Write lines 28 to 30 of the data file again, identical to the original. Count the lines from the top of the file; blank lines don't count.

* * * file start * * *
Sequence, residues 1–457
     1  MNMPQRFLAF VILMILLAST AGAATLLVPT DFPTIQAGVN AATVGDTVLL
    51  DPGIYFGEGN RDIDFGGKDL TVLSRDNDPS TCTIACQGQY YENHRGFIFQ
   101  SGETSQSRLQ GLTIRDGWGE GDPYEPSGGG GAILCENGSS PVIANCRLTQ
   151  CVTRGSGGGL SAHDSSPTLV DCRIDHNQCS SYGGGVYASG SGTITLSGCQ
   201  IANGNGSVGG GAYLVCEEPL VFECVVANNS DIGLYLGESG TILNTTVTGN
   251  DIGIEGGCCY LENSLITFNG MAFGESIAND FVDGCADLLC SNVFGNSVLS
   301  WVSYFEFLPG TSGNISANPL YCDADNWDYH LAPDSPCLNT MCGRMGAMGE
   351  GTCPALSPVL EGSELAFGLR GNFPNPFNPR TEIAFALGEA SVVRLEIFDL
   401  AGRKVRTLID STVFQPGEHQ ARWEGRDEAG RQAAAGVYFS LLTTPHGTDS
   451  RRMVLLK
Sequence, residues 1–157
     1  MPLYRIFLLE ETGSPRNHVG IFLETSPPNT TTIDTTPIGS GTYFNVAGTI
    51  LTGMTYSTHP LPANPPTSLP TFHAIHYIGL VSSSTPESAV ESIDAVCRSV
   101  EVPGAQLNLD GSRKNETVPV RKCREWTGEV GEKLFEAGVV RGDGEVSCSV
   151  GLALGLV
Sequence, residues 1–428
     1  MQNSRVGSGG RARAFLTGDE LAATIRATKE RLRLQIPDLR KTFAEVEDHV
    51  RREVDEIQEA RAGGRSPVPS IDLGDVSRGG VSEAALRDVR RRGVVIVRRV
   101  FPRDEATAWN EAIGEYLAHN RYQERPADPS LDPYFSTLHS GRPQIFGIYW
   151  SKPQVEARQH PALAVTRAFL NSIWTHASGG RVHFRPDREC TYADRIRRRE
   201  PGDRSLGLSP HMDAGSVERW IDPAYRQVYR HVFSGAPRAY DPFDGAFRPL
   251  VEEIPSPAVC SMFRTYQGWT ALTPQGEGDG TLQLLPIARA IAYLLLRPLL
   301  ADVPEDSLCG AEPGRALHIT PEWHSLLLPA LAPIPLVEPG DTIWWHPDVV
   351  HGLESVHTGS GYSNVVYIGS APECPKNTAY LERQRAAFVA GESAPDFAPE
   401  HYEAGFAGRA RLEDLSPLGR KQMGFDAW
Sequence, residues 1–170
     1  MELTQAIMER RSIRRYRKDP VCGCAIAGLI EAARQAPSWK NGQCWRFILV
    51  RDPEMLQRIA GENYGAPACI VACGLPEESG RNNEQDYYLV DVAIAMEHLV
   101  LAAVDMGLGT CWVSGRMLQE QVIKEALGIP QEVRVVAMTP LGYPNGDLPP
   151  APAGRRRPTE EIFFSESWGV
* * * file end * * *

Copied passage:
     1  MELTQAIMER RSIRRYRKDP VCGCAIAGLI EAARQAPSWK NGQCWRFILV
    51  RDPEMLQRIA GENYGAPACI VACGLPEESG RNNEQDYYLV DVAIAMEHLV
   101  LAAVDMGLGT CWVSGRMLQE QVIKEALGIP QEVRVVAMTP LGYPNGDLPP